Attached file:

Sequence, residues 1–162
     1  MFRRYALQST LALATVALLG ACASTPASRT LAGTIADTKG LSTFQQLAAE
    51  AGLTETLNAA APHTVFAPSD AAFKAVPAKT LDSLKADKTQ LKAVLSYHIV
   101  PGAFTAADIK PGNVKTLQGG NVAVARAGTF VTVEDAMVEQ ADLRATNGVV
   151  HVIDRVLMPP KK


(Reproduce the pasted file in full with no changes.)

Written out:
Sequence, residues 1–162
     1  MFRRYALQST LALATVALLG ACASTPASRT LAGTIADTKG LSTFQQLAAE
    51  AGLTETLNAA APHTVFAPSD AAFKAVPAKT LDSLKADKTQ LKAVLSYHIV
   101  PGAFTAADIK PGNVKTLQGG NVAVARAGTF VTVEDAMVEQ ADLRATNGVV
   151  HVIDRVLMPP KK